It’s no secret: without its onslaught of X Factor programming ITV would lack millions of viewers each week. The results show, this Sunday (November 7), was so popular it attracted 50% of the 8pm audience. It makes sense then that ITV2 would want to tap in to this market, but are reality shows about past contestants really the way to go?
Admittedly, clips of Jedward: Let Loose were pretty funny, in a moronic kind of way. They weren’t enough to make us watch the summer show, but the debut did attract over 370,000 others. The X Factor obviously has real pulling power, considering that the big-haired twins seem to lack any real talent. The Let Loose show was simply about them moving out of their parents’ house--and the dim things they said while they did it. Not exactly ground-breaking stuff.
Olly Murs is a more successful X Factor loser, and thus offers better prospects for a TV show (or so you’d think). He came second to Joe McElderry last year and has since reached the number one slot in Britain’s single music chart. His popularity has prompted ITV2 to launch a new hour-long show: Olly Murs Revealed, which airs this Saturday at 10.45pm--conveniently straight after The Xtra Factor. The fly-on-the-wall documentary will, it’s said, document “his rollercoaster ride from TV fame to success as an artist in his own right.” So they’ll be bragging about how The X Factor made him what he is today, then? Yawn.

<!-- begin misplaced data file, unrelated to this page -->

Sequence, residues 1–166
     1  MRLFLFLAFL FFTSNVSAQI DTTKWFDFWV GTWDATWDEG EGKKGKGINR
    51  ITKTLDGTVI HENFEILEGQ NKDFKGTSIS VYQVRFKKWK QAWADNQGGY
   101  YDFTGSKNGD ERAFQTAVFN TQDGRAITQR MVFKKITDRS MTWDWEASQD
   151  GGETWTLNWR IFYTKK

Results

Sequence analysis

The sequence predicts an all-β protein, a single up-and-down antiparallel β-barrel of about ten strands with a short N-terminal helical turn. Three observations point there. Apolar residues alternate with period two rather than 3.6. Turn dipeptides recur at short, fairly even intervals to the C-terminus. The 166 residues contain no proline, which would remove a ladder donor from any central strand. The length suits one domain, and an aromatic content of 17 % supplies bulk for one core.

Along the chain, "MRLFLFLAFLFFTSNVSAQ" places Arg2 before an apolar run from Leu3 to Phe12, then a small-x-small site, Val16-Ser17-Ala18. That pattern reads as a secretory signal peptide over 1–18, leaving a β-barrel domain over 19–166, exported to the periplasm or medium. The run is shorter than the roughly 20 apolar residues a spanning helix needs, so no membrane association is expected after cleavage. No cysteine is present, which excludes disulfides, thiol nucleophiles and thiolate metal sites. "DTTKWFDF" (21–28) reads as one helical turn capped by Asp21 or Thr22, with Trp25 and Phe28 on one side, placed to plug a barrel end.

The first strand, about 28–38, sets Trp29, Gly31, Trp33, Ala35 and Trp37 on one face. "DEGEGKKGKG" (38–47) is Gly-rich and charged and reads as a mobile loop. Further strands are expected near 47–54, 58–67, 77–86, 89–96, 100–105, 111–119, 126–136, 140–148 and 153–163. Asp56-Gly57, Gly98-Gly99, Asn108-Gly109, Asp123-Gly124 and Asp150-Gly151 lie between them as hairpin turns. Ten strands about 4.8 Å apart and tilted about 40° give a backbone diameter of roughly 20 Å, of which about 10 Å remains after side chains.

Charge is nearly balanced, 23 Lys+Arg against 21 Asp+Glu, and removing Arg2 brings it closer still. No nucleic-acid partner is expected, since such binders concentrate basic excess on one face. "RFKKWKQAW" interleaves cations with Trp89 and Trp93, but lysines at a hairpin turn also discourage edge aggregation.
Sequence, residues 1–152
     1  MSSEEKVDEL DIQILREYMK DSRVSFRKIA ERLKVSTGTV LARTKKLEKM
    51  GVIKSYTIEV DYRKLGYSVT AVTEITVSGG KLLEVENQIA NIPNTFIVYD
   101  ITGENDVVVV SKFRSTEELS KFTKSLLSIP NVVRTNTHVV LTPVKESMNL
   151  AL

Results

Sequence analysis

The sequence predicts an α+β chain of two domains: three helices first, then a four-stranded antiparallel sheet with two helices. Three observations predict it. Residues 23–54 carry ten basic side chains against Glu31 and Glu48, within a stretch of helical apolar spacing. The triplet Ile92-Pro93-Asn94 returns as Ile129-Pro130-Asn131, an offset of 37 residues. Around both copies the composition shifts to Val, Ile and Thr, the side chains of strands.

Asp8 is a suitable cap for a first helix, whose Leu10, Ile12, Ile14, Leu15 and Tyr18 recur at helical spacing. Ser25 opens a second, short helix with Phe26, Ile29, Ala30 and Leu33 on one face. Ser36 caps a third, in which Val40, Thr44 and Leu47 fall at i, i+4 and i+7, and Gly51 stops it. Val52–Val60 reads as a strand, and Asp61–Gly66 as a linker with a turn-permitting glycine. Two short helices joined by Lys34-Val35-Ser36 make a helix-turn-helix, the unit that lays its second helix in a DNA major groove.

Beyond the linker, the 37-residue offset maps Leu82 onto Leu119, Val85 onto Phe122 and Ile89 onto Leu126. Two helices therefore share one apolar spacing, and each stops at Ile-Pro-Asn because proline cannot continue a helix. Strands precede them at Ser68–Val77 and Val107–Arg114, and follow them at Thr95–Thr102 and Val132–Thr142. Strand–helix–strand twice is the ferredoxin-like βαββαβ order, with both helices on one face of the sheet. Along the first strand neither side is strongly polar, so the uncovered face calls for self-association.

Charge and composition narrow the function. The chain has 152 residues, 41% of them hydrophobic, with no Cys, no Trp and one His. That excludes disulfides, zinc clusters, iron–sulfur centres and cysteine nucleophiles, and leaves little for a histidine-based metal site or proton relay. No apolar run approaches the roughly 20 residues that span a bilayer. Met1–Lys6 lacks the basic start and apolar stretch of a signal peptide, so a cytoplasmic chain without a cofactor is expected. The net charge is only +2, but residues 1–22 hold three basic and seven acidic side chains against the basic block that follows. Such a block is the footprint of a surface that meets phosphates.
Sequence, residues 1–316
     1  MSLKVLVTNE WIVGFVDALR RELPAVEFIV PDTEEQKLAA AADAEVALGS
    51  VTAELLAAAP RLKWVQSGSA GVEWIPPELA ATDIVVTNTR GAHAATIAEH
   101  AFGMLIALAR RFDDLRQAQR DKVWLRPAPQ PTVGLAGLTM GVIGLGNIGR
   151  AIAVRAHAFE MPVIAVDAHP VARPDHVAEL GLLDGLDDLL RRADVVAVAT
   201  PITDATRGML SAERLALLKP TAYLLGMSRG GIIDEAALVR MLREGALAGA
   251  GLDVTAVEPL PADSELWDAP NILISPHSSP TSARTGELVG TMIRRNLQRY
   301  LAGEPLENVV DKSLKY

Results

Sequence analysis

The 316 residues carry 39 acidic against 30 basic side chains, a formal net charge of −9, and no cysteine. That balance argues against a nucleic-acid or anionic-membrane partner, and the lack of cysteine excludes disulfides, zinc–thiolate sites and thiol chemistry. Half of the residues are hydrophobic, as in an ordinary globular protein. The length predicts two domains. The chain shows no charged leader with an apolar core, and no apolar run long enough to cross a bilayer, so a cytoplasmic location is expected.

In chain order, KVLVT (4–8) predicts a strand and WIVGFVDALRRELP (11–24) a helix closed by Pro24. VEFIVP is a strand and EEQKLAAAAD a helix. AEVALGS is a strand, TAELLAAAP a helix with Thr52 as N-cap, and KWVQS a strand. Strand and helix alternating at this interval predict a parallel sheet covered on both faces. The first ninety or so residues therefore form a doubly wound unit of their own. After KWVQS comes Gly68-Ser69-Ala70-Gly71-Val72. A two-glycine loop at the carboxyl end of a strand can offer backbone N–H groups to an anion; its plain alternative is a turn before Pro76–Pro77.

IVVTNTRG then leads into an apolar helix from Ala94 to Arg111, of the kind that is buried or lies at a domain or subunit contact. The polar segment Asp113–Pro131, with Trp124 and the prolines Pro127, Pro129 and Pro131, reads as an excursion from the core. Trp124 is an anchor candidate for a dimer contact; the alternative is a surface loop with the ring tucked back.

Surprisingly, Olly Murs’ show sounds far more appealing that JLS’s. Airing later this year (again on ITV2), This is JLS will see the former X Factor runner-ups perform sketches and hidden camera stunts, alongside musical performances. The odd combination is barmy enough to have us intrigued, but we’d only be watching to see the disaster unfold. Seriously, what do comedy sketches--written by James Corden no less--have to do with pop music? They’re a band with a huge fan following, don’t ruin their fame through shame!
It’s as if ITV are throwing various formats at last year’s rejects in the hope they’ll have a honed TV formula for when Wagner, One Direction, and Cher Lloyd, come to need their own shows to maintain the momentum of the X Factor ratings juggernaut. This is a trend that seems to be on the rise--particularly if you include Stacey Solomon’s involvement in this season’s I’m a Celebrity--and even if we’re not excited about their broadcast there’s plenty of people who will be. The X Factor can’t be killed by overexposure (if it could, it would’ve been cancelled years ago); ITV can only gain from these endeavours. They same might not be true for their stars. What do you think?